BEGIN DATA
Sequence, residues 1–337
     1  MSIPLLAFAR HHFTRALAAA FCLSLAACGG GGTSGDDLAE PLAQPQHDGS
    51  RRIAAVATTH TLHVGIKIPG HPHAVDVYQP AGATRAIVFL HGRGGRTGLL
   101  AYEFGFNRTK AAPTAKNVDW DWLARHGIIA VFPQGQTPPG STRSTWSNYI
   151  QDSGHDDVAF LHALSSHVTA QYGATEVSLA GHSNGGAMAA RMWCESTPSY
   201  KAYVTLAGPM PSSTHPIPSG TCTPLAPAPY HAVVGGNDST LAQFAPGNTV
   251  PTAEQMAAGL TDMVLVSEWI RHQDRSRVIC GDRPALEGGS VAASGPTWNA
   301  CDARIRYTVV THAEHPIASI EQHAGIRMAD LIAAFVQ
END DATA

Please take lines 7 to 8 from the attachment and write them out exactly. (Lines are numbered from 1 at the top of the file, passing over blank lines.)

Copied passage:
   251  PTAEQMAAGL TDMVLVSEWI RHQDRSRVIC GDRPALEGGS VAASGPTWNA
   301  CDARIRYTVV THAEHPIASI EQHAGIRMAD LIAAFVQ